Declared “one of the most quietly earth-shattering, subtly luminous festivals the world over” by The Oxford American Magazine, the Big Ears Festival is a dynamic, interactive experience that explores connections between musicians and artists, crossing all musical genres while interfacing with film, performance and the visual arts.
Named for someone who is capable of discerning and perceptive listening, who has the ability to use the ears as a creative tool or who hears things many may miss, the Big Ears Festival is a weekend of world-class musical performances in beautiful historic theaters, clubs, galleries, and museums, combined with talks and discussions, interactive workshops, installations, exhibitions, film screenings, surprise collaborations and unexpected connections. It celebrates the never-ending adventure of artistic creation and exploration.
Since its 2009 debut, Big Ears has hosted many of the leading composers and performers of our time, from ground breaking classical composers like Philip Glass, Kronos Quartet, Laurie Anderson, Terry Riley, and Steve Reich along with a new generation following in their footsteps such as Nico Muhly, The National’s Bryce Dessner, Radiohead’s Jonny Greenwood; ensembles such as the Bang on a Can, Ensemble Signal, The Bad Plus, So Percussion, and The Wordless Music Orchestra; leading alternative rock artists like The National, Swans, tUnE-yArDs, The xx, Joanna Newsom, St. Vincent, Vampire Weekend, and The Dirty Projectors; icons like Television, John Cale, and Silver Apples; and countless visionaries such as Pauline Oliveros, Tanya Tagaq, Jon Hassell, Antony & the Johnsons, Fennesz, Tim Hecker, Marc Ribot and My Brightest Diamond who continue to push boundaries and defy convention.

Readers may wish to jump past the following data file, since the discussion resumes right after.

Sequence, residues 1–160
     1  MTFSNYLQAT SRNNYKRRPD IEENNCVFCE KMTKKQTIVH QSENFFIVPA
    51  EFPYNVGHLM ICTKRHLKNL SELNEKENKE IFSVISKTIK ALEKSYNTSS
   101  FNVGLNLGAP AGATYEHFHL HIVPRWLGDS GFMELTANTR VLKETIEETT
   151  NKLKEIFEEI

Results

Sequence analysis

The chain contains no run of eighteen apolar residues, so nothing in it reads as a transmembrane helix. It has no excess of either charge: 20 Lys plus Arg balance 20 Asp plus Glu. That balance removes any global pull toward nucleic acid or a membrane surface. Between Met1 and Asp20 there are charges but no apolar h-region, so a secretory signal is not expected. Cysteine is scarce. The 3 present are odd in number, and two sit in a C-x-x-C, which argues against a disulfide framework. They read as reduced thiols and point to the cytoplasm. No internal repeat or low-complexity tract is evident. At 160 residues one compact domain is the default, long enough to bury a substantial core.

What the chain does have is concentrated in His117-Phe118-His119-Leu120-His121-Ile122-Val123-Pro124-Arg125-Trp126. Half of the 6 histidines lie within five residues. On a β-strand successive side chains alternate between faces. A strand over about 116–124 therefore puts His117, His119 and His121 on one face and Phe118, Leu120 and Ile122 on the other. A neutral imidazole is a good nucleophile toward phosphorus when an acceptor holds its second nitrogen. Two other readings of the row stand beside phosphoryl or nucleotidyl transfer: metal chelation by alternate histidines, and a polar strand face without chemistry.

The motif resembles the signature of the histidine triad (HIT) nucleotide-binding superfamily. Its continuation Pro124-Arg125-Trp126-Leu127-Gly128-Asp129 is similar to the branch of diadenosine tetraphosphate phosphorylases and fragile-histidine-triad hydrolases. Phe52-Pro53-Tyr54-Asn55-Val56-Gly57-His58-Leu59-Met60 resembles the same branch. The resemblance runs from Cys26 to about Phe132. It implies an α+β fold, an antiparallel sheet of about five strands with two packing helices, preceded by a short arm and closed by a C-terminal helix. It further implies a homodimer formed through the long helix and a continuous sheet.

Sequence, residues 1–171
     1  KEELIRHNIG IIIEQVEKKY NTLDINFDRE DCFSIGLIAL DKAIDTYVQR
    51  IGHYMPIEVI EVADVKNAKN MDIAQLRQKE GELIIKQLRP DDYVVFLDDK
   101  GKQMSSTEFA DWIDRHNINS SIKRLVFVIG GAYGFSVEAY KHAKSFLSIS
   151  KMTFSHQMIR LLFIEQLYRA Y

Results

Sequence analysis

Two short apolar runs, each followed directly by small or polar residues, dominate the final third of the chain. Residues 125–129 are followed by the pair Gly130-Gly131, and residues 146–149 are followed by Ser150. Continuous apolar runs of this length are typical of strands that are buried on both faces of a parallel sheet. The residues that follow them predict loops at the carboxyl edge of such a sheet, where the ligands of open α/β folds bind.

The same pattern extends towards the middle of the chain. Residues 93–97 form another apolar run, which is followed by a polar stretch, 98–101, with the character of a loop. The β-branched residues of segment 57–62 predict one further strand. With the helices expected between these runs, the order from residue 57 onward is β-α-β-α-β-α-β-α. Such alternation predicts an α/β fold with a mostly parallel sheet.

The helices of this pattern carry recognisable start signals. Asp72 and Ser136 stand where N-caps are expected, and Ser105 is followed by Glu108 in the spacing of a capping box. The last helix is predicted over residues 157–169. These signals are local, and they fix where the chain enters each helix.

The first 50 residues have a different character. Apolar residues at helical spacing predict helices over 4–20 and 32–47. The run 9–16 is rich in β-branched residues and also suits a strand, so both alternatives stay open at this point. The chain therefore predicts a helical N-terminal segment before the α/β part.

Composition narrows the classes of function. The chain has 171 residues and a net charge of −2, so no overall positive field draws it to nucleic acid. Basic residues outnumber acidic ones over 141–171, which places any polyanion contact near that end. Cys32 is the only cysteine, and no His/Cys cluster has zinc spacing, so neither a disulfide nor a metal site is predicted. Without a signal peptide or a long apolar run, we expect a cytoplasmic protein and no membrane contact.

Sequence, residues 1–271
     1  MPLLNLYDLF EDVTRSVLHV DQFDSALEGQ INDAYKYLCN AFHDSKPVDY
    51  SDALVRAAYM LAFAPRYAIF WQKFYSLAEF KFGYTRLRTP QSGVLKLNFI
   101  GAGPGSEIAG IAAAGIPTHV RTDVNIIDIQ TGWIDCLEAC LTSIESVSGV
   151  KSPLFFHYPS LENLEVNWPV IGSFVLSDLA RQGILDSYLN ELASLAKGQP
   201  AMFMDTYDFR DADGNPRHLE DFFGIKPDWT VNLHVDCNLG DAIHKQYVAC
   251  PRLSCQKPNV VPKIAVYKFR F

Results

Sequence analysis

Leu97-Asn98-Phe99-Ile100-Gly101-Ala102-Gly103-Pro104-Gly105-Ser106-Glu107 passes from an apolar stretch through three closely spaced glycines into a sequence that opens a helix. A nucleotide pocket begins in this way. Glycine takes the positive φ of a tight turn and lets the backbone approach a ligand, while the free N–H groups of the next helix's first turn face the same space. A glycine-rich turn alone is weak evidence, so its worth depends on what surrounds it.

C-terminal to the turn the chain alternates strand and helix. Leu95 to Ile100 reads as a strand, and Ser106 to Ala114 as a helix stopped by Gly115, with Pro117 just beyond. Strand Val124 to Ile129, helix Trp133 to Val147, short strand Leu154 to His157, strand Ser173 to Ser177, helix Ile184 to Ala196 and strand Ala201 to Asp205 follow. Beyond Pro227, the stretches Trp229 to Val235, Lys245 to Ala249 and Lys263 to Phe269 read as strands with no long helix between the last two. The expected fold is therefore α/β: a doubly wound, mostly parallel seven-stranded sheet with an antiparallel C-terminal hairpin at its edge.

Since its inception in 2009, Big Ears’ profile has grown from a local and national presence to yearly international coverage.
Click here to view a small summary of notable articles that have been written about Big Ears, highlighting what The Wall Street Journal calls “a festival where all genres are welcome.”
The documentary on Big Ears, made by Durham-based Rock Fish Stew, will immerse viewers in the sounds and sights of this festival. Visions of contemporary Knoxville will be blended with archival material from the city’s musical and cultural past. Like the festival, the film detaches music from notions of star power, career trajectories or personal demons. It captures performers at work on the road—unloading gear, setting up shows, rehearsing, sound checking—while exploring the sublime art and craft of listening. To learn more, click here.
Big Ears is proud to once again partner with the Joy of Music School and Community School of the Arts to bring special opportunities to underprivileged and at-risk youth in the Knoxville area during the festival weekend. These organizations play an integral role in the community by providing a musical educational and mentorship to the disadvantaged that would not exist otherwise. The festival will be supporting the mission of these groups by coordinating hands-on musical experiences for the students throughout the weekend, in addition to providing a cash donation from each ticket sold to the event.
Big Ears is proud to be making its return in 2017 for another weekend of visionary music, exploratory art, and southern hospitality March 23-26 in historic downtown Knoxville, Tennessee.
Big Ears is created and produced by AC Entertainment, recognized as one of the foremost independent promoters in the United States. Founded in 1991 by Ashley Capps, the company books, markets and presents over 1,000 events per year. In addition to Big Ears, AC Entertainment is the force behind internationally renowned events including Bonnaroo Music and Arts Festival® and The Forecastle Festival. For more information on AC Entertainment, visit ACEntertainment.com.